Plants grown in beds outside and potted in September may be given protection in the cold frame until flower buds develop or, alternatively, brought into a very cool greenhouse immediately after potting, the latter is necessary otherwise excess foliage will again be produced.

Polyanthus in Pots

The culture of polyanthus in pots is the same as for primroses with only slight variations as follows:‑

i)          Polyanthus are not very successful from late June sowings and are best started in March, April or May.

ii)          Polyanthus require more feeding than primroses.

iii)         Polyanthus are more susceptible to frost damage.

iv)         Polyanthus cannot be forced into flower at such high temperatures without the loss of quality and weak stems.

The lower the average temperature that can be maintained, the shorter the polyanthus flower stem will be, this is very important when growing the newer dwarf Royal Pacific Polyanthus, otherwise untypical long stemmed flowers will appear. Do not forget that polyanthus may also be grown in beds in the cool greenhouse in order to provide a welcome source of cut flower, at a time of year when colour and flowers are limited.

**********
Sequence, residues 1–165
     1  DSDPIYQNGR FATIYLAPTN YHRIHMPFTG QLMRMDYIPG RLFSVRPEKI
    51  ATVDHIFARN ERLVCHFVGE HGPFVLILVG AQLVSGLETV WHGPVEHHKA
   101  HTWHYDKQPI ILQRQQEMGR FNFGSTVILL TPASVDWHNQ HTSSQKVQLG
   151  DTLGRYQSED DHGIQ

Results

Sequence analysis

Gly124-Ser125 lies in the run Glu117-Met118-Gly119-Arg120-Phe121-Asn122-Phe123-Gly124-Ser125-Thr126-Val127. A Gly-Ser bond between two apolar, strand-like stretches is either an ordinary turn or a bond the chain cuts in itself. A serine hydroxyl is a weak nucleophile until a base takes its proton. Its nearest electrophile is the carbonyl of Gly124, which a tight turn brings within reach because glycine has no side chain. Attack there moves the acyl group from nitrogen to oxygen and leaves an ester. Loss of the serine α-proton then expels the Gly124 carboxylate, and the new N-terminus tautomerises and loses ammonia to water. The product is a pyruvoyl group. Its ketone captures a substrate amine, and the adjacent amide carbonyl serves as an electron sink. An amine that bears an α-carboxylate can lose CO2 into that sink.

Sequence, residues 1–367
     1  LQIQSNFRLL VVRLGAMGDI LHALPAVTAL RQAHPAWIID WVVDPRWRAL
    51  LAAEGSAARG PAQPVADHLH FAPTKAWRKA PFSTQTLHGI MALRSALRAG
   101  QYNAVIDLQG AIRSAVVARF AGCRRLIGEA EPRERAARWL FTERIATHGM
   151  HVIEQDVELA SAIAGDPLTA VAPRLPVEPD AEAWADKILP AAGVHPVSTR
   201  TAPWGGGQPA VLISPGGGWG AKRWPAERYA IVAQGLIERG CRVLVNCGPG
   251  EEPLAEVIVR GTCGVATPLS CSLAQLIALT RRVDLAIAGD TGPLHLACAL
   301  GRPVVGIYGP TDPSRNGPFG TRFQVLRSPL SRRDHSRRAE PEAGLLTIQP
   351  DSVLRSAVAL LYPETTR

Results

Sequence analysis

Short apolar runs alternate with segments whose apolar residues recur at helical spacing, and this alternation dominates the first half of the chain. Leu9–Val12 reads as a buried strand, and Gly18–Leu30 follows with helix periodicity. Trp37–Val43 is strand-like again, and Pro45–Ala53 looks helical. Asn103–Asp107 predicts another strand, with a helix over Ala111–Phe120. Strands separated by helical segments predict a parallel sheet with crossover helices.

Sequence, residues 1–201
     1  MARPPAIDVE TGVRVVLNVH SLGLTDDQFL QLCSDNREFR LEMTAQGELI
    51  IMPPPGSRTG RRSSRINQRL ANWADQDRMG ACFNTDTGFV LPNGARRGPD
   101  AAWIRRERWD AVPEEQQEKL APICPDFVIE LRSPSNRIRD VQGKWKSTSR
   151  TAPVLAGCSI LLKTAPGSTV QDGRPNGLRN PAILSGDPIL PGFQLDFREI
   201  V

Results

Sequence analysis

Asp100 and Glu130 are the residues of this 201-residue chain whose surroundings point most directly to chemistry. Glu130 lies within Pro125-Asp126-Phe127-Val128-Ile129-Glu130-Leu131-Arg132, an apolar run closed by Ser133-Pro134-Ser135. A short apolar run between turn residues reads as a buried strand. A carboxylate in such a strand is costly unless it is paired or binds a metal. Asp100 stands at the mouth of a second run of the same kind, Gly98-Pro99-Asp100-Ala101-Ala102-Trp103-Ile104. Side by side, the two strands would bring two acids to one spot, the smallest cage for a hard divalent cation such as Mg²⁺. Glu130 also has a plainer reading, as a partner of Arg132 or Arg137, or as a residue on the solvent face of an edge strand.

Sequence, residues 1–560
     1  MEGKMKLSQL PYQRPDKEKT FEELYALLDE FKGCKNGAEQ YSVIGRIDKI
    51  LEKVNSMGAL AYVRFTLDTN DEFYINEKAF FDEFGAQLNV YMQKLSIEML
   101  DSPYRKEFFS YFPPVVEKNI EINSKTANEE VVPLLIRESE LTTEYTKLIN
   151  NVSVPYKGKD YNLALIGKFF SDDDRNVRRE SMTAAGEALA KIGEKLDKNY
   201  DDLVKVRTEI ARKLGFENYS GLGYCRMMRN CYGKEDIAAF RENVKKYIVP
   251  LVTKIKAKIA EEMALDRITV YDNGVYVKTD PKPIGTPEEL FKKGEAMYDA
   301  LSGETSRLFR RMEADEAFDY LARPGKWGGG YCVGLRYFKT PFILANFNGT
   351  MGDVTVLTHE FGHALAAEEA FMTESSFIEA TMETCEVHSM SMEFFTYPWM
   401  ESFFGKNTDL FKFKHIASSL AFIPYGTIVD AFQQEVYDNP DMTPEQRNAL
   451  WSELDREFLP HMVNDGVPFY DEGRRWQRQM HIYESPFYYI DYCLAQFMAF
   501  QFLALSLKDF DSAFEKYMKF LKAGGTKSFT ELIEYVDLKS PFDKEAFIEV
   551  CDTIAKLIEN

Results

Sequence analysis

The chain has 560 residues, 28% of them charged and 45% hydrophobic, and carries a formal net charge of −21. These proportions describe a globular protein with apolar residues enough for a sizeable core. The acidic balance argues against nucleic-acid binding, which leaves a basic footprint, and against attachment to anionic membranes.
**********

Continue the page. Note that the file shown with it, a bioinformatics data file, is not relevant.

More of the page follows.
Bringing Plants Indoors

Both primroses and polyanthus, when showing colour, may be brought into the home to provide a short term display of colour but it is important to place them in cool, wet lit positions. Failure to do so will result in pale drawn foliage and few subsequent flowers, unheated rooms are ideal for these plants.

After Flowering

 In theory, these plants may be hardened off in late April and May and planted out to go on giving displays in subsequent years. In practice, this is not so simple due to climatic variations and the hardiness of the variety chosen as there tends to be within the commercial growers, a range of primroses and polyanthus that make ideal flowering pot plants. An entirely different group of primroses and polyanthus, being much hardier, sturdier and later flowering, are available for planting in the garden. Few seedsmen will specifically list varieties for pot work or planting out, and careful reading of the description in the catalogues is often necessary.

Primroses and Polyanthus In The Garden

Seed of suitable varieties may be sown as described above, pricked out and grown on in seed trays to be planted out in beds or the cold frame, until autumn when they may be transplanted to their final flowering positions in the garden (Fact Sheets 56 & 126)

Pest,s Diseases and Other Problems

Aphids:‑ commonly seen on Polyanthus and Primroses and easily controlled with a systemic insecticide. Please see Fact Sheet 24.

Red Spider Mite:‑ causes severe retarding of growth and often unobserved, not easily controlled. Please see Fact Sheet 25.